Endurance Strategy for Fighting

July 11, 2016 July 11, 2016 by Johnny N Boxing Offense, Boxing Strategy 19 Comments

Endurance Strategy for Fighting

I’ve written several guides on developing your fighting endurance. But I never spoke about the opposite end, which is how to wear out your opponent’s endurance.

Yes, it’s possible. With a few crafty tactics and carefully implemented strategies, you can learn how to wear down even the most athletic, skilled, and bold-hearted opponents. Endurance is one of those traits that determines exactly how long you can be effective.

Take the fastest, most powerful, intelligent fighter you can think of…now take away his endurance…and you’ll have before you an easily-beaten man.

 

The psychological endurance battle

There are always certain objectives in every fight. The rules, the goals which we already know of: such as landing more punches, doing more damage, scoring more points, controlling the fight. And then there are the uncertain or rather, the unspoken objectives in every fight…such as the psychological battle. Where you both try to establish a mental dominance over each other. This can mean trying to establish that you can hit him harder, or that you can hit him at will, or that you are more aggressive, or that you are more elusive. It’s up to you what you want to communicate.

But the focus of this article, is on a “psychological endurance battle” that happens during a fight. Whether you are conscious of it or not, whether you are actively engaging in it or not, there is a psychological battle that is being waged. It has a great impact on the outcome of the fight.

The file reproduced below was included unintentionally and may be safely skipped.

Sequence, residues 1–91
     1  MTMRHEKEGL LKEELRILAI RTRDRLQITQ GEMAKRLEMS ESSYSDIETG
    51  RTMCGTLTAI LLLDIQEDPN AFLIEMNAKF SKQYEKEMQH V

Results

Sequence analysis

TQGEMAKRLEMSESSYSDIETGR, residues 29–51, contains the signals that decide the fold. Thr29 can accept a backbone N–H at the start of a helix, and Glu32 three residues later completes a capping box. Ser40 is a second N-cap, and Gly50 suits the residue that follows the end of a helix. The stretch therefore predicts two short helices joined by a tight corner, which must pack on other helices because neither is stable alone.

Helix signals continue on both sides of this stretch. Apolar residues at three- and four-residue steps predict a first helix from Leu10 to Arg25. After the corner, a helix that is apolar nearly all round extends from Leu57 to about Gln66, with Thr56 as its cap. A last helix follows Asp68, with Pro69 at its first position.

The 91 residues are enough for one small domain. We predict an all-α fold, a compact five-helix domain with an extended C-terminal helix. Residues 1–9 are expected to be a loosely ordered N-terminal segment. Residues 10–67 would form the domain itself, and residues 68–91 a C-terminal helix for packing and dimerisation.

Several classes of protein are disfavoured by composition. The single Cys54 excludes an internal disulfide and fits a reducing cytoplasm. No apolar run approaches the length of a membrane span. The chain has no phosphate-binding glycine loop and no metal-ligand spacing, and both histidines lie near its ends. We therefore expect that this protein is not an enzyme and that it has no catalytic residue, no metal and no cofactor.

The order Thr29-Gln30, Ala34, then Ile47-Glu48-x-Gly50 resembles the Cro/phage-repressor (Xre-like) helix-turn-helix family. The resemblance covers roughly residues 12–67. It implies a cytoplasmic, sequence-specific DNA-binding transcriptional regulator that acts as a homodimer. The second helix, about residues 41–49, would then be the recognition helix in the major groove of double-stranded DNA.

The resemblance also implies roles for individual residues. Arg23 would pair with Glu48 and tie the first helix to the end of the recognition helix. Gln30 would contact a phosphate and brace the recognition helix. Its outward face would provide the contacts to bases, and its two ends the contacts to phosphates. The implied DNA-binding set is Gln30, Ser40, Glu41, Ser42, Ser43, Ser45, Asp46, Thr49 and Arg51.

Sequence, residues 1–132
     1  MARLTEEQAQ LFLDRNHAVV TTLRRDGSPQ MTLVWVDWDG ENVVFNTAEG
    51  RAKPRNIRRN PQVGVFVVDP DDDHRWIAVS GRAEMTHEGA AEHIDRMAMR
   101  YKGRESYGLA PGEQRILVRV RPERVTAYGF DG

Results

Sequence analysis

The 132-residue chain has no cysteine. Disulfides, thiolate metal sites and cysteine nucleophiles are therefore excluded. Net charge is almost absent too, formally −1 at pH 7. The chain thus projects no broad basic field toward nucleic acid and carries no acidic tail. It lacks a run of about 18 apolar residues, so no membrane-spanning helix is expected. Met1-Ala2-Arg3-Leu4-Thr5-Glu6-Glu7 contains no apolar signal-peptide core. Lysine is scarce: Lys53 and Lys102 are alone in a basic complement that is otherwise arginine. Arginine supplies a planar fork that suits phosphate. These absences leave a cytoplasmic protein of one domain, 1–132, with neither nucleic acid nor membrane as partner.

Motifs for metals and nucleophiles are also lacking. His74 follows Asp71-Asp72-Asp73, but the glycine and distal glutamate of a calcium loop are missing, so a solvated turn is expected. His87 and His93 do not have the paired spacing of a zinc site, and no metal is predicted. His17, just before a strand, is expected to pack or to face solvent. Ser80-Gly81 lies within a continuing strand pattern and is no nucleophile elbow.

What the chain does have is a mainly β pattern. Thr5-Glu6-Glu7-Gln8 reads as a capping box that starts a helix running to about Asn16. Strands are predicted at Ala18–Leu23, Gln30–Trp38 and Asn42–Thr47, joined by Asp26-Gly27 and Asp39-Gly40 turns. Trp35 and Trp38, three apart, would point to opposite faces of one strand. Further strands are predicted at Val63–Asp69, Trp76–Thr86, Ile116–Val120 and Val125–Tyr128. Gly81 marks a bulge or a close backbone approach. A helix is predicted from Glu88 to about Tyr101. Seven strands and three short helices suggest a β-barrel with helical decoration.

And this endurance battle can feel like two fighters trying to deplete each other’s energy reserves without depleting their own. If you’re aware and conscious of your opponent’s energy tank as well as your own, you will be careful not to fight in a way that exhausts yours faster than his.

The big danger is that once you’re behind in endurance, and you have less energy than him…it’s really hard to catch up. Because it’s not possible to get more energy in the middle of the fight, you can only hope that at some moment he wastes energy his while your conserve yours. And we already know that endurance greatly affects your speed and power. And so if he has more energy, it will be EASIER for him to have more power and speed than you. Which means you will have to use more energy than him in order to equal his speed and power. But then if you use more energy, you will have less energy and even LESS speed and LESS power. It’s a vicious cycle and very hard to beat.

So the takeaway message is to keep an eye on your own energy tank and don’t let your energy tank fall behind your opponent’s so early in the fight. To accomplish this, I think it’s important that you fight that first round intelligently. I have witnessed many ways (in others as well as in myself) over the years in which the first round was fought poorly even when I had won the round.

 

Common endurance mistakes in the first round

The first mistake is to waste a lot of energy winning the first round. Sure, you’ve landed some shots and got the crowd to cheer but you’ve wasted energy jumping and unloaded all your tricks when your opponent just laid back and stayed calm. Next thing you know, he comes out hard in the second round while you’re trying to calm yourself down and now you don’t have any tricks left to keep him off you.

The second mistake is to try and save energy in the first round by not doing anything. The problem this time around is that he jumps all over you and batters you and establishes a comfortable fighting rhythm because you’re giving him the space to figure you out. After the first bell rings, you’re not only a beaten man but also a bit tired and demoralized.

The third mistake is to get sucked into a war of attrition. Unless you’re the one with bottomless energy, this is always a dangerous move. Sure you’ll land some great counters against what seems like a reckless opponent. And you’ll win that first round handily. But now you’re fighting his fight and you don’t realize how much it’s taken out of you. Do not engage unless you want to. If you’re going to fight, do so on YOUR TERMS. Fight and trade when you’re good and ready.